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Car Chasing: How to Break Your Dog’s Habit

(continued)

Prevention continued...

Not all dogs who chase cars from inside a fenced yard will also chase cars when they’re loose. But some will as the thrill of the chase becomes too strong to ignore. In addition, some dogs get so excited running the fence that they can hurt themselves or jump the fence. Chasing cars from inside a fence can also develop into chasing other things, like joggers or skateboarders, when they pass the yard. If there is virtually no chance that your dog can get out of the yard and your dog doesn’t show any interest in chasing other moving things, car chasing from inside a fenced area is relatively “safe” and good exercise for an understimulated (bored or underexercised) dog. But if your dog is barking a lot or his fence running is otherwise causing problems, or if you think he might be able to escape the yard, you need to interrupt him and bring him inside whenever he starts chasing. Just like when you’re walking, the best time to interrupt the behavior is the moment your dog sees the car. This of course means that to stop chasing, you would have to watch your dog every second he is outside. An alternative is to put up a stockade-style fence (solid wood privacy fence) or attach tarps to the existing fence so that your dog can’t see the traffic and won’t be motivated to chase. If you choose to leave your dog in a fenced-in yard, please keep these two points in mind:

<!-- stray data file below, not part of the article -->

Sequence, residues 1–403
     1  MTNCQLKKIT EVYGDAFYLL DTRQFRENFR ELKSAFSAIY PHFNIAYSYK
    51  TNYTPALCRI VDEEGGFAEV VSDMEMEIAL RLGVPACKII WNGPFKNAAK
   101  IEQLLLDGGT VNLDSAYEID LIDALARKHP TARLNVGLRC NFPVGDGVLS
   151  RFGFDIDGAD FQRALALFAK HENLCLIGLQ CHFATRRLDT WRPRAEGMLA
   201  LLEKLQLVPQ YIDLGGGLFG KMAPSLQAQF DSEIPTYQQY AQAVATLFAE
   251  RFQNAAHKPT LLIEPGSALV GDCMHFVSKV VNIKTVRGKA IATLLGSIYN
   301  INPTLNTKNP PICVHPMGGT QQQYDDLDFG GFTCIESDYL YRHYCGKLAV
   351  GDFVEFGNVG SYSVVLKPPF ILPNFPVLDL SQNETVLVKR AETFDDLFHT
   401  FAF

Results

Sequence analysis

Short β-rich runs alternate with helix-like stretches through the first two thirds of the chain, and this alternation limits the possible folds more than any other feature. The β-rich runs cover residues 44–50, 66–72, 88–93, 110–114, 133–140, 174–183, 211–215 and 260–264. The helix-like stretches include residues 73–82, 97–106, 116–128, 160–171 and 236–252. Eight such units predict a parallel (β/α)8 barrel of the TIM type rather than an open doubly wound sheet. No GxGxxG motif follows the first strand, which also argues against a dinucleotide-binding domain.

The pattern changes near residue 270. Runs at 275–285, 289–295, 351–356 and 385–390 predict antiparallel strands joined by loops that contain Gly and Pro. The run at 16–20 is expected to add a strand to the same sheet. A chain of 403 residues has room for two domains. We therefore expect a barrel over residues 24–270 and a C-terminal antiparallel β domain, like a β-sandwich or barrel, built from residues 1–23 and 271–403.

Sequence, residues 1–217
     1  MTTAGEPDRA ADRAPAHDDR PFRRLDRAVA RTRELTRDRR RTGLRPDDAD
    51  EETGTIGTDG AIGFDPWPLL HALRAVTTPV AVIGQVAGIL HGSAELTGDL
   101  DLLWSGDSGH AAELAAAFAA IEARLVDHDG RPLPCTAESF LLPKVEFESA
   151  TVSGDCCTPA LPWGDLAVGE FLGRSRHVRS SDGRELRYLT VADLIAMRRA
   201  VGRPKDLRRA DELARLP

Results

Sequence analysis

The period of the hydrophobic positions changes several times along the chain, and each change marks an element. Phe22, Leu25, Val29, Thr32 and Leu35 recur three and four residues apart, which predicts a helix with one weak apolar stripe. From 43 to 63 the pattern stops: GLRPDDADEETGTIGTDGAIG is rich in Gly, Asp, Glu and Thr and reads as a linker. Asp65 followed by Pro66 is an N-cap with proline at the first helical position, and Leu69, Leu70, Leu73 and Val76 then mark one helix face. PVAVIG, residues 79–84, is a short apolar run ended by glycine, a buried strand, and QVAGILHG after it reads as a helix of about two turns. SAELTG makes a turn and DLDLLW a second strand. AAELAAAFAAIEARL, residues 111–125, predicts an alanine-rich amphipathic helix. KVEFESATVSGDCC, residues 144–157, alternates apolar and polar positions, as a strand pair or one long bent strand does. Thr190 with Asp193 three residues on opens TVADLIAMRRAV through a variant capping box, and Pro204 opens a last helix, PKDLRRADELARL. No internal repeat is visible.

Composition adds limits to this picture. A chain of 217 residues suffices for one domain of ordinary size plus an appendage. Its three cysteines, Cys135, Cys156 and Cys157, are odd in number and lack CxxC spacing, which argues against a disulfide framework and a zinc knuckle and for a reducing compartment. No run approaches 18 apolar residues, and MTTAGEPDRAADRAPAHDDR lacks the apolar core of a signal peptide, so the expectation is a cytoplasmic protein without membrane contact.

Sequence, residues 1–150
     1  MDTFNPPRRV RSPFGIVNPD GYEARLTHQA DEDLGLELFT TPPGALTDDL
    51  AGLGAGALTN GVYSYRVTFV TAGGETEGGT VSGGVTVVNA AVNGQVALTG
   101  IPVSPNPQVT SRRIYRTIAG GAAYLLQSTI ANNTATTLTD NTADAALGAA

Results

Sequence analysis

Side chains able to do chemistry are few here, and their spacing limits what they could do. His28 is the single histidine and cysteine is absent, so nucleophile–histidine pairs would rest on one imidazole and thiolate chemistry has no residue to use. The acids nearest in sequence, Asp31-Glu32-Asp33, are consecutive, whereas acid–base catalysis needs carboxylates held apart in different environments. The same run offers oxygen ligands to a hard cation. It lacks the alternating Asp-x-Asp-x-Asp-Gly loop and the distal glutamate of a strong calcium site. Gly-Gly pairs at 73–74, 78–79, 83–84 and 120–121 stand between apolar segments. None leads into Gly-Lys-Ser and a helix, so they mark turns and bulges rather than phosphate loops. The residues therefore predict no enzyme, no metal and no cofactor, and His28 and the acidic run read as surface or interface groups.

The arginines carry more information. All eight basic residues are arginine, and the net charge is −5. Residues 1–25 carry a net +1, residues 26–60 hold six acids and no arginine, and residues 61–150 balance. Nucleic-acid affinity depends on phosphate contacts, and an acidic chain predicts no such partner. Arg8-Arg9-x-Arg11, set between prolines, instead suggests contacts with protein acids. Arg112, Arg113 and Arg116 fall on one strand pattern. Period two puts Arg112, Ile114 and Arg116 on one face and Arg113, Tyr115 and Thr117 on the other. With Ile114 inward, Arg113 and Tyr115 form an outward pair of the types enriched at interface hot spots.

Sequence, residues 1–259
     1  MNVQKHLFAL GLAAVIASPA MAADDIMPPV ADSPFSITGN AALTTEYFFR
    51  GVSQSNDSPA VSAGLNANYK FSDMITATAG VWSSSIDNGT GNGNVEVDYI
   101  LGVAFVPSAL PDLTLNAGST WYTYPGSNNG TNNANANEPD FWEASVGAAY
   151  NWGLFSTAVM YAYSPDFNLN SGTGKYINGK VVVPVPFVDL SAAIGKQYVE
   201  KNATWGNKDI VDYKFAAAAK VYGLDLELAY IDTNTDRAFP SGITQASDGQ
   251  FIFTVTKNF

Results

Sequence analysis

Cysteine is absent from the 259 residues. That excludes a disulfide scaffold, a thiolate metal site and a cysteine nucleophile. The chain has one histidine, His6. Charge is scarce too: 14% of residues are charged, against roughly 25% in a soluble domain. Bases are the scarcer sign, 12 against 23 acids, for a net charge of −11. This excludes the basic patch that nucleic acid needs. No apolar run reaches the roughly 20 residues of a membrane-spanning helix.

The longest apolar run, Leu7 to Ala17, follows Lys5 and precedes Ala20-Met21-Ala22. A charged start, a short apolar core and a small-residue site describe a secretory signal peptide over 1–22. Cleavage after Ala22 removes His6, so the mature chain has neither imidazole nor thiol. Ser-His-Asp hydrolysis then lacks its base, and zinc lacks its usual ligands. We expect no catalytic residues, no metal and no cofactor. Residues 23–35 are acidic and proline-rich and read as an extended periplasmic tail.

• Never leave your dog in the yard unattended for longer than 15 to 20 minutes.
  • Provide plenty of enrichment and exercise so that your dog is less motivated to chase cars. (Please see our articles, Enriching Your Dog’s Life and Exercise for Dogs, to learn more about keeping your dog busy, healthy and happy.)

 

WebMD Veterinary Reference from ASPCA Virtual Pet Behaviorist

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